Author Archives: garreth

Anaconda/Spyder Python IDE Not launching [SOLVED]

If you’ve just installed Anaconda / Spyder IDE (available here for personal use) in Windows find it’s not launching, and neither is the Anaconda launcher, and you have a previous installation of Python e.g. Python 2+<3, remove Python 2.X from your Windows PATH variables and retry opening it.

To do this, right click on ‘My Computer’,
select Properties to bring up System Properties and
click ‘Advanced System Settings’.
Agree to the UAC prompt and click ‘Environment Variables’ then look for Python references anywhere, edit and delete as required.

Retry launching Anaconda/Spyder and it will now work.

If this doesn’t work, open a command prompt (Type cmd/enter from the start menu), navigate to the Anaconda installation (in Windows 10, ‘cd c:\programdata\anaconda3\” and try launching anaconda or spyder (.\scripts\spyder.exe) and noting any error messages that appear which can then be googled for the relevant fixes.

Hope this helps!

Garreth

Local Weather forecasting

Just a quick note to enquicken someone else’s google seaches in the future,

For local weather forecasting based on ambient air pressure, the algorithm you need is the Zambretti algorithm .

The original Hackaday article on this is here:
https://hackaday.com/tag/weather-forecast/

And some useful matlab code to get you started is here:
https://w4krl.com/zambretti-forecaster/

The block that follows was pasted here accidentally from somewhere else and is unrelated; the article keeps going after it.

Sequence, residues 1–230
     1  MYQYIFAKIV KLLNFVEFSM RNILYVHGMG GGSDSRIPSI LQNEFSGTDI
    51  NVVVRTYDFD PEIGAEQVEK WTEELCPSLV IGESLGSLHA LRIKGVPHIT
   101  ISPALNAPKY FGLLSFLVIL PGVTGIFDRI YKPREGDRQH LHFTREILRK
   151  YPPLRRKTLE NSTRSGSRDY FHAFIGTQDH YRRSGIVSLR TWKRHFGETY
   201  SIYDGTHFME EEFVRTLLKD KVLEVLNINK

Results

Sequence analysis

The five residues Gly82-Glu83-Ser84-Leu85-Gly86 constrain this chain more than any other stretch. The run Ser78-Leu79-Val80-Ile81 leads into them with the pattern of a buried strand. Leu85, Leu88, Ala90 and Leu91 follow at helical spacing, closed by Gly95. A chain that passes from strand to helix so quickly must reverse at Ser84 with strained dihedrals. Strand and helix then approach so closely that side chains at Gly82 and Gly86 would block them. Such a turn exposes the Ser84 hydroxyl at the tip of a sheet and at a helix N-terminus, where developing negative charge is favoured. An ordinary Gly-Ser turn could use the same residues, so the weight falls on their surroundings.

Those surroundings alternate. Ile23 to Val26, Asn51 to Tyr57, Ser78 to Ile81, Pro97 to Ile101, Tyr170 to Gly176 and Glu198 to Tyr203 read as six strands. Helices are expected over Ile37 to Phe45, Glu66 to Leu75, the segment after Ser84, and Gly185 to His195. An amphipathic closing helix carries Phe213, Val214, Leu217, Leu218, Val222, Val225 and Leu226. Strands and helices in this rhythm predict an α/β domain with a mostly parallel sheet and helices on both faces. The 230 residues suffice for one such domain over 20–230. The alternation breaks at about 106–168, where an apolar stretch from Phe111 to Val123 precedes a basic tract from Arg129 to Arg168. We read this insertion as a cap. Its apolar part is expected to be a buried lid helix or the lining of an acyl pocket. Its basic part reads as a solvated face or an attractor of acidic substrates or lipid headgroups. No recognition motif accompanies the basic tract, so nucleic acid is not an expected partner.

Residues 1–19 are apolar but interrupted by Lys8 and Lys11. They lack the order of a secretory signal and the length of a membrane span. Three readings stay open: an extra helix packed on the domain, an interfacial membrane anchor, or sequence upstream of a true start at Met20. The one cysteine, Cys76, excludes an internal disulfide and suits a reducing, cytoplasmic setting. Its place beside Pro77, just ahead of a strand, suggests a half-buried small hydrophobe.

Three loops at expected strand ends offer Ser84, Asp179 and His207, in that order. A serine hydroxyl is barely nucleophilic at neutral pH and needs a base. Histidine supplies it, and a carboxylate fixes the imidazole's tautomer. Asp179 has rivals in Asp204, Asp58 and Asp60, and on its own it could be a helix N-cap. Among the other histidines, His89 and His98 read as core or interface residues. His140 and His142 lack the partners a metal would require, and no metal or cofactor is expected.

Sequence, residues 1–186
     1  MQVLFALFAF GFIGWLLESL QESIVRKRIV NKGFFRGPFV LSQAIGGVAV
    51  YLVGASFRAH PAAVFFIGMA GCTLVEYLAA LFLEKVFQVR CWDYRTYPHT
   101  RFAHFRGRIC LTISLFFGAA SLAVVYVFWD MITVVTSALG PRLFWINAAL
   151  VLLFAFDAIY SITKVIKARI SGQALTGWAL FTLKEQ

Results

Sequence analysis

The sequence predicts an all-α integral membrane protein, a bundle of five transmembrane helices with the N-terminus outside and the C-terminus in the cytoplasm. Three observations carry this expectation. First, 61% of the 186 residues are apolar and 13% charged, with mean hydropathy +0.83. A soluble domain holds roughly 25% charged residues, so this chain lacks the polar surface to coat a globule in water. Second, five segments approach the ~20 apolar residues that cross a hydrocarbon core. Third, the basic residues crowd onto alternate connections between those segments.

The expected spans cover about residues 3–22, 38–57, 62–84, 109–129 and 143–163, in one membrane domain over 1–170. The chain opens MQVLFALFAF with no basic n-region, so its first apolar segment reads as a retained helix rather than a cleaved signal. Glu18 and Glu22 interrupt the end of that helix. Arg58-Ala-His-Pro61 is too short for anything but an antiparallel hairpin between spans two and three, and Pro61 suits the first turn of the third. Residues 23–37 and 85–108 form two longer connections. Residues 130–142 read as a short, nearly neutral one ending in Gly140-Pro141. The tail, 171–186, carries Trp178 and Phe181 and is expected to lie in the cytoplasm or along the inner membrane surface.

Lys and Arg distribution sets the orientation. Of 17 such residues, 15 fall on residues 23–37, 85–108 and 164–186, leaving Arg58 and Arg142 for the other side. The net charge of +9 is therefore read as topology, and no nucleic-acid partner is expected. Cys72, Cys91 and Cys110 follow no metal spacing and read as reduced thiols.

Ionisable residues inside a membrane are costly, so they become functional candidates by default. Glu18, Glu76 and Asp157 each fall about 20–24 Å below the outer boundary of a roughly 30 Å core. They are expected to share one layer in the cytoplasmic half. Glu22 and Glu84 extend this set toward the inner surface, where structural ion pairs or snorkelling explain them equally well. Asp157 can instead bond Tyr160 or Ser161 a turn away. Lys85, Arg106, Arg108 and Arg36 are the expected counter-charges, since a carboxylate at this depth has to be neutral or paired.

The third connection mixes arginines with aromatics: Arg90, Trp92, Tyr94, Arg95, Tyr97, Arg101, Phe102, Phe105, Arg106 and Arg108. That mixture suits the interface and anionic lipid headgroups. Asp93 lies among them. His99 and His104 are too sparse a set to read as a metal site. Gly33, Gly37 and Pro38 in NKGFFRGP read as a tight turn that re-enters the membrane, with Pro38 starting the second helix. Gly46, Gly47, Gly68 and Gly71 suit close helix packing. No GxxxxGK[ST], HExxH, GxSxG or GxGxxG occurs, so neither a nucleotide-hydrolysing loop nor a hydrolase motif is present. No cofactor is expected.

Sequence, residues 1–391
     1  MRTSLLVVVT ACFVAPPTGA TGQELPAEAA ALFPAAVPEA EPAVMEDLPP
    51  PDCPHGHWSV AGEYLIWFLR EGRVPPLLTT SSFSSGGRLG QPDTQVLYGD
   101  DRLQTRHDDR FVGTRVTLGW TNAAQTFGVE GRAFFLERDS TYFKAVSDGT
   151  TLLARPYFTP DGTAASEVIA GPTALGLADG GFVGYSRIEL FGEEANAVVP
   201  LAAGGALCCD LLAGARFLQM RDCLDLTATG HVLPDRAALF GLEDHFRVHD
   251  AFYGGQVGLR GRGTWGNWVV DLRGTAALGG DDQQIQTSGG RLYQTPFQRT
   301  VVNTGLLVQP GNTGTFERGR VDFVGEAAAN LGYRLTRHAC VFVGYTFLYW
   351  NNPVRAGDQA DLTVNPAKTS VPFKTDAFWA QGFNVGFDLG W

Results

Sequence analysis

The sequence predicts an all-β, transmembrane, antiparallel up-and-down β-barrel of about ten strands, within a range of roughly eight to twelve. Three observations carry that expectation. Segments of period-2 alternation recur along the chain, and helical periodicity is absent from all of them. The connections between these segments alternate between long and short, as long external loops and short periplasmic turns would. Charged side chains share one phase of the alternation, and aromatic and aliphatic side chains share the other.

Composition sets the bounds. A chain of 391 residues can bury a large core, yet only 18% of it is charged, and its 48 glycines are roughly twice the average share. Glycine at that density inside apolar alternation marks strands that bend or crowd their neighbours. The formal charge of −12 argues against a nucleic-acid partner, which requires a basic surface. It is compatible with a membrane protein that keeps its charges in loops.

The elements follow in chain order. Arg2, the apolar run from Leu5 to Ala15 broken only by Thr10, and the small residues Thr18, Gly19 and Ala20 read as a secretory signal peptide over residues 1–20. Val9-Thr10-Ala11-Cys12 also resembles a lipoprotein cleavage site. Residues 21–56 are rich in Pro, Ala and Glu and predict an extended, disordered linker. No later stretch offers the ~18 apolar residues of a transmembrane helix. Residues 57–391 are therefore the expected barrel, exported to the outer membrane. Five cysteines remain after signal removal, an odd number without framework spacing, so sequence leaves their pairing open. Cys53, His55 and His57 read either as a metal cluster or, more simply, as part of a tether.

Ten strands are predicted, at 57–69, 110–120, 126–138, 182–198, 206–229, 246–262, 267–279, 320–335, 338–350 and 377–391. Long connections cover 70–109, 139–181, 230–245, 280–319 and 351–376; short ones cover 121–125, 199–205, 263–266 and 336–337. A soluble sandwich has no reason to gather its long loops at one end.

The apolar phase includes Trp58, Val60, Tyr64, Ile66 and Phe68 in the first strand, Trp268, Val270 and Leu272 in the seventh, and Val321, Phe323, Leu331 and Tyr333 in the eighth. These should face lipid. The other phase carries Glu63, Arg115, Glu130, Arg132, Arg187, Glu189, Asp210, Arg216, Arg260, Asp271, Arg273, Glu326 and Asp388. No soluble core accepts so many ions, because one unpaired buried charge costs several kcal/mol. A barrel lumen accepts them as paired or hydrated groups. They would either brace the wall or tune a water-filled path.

Finally, some tags to help google air pressure wheel forecast ambient air pressure bmp280 bmp180 air pressure forecast etc.

Arduino ethernet hardware watchdog

So I have a few raspberry pis that (3 in fact!), and sometimes have them set up for remote access such as a raspberry pi webcam using the raspberry pi camera, web servers, remote power socket control, weather monitoring, energy usage – the usual geeky stuff.

Various raspberry pi projects of mine!

Anyway, sometimes the thing runs smoothly and reliably for years on end without problems (usually the less you tinker with it!), surviving power cuts and what have you. My first Model B Rev 1 Pi (thanks Dad!) is an example of these. It ran for years monitoring temperature/humidity and air pressure, before finally being shutdown due to a house move (someday i’ll have to resurrect it!).

Sometimes however, things don’t go to plan and Linux will crash or lock up, or the network interface will go down on power cuts. For instance I once wrote a script to restore the wifi connection of a pi in my GF’s locked and empty house using a lovely blackberry smartphone while sitting in a buddy’s car eating kfc chicken outside. But that’s another story! (Thanks Andy!). It usually happens right when you’re away the Pi and trying to login remotely!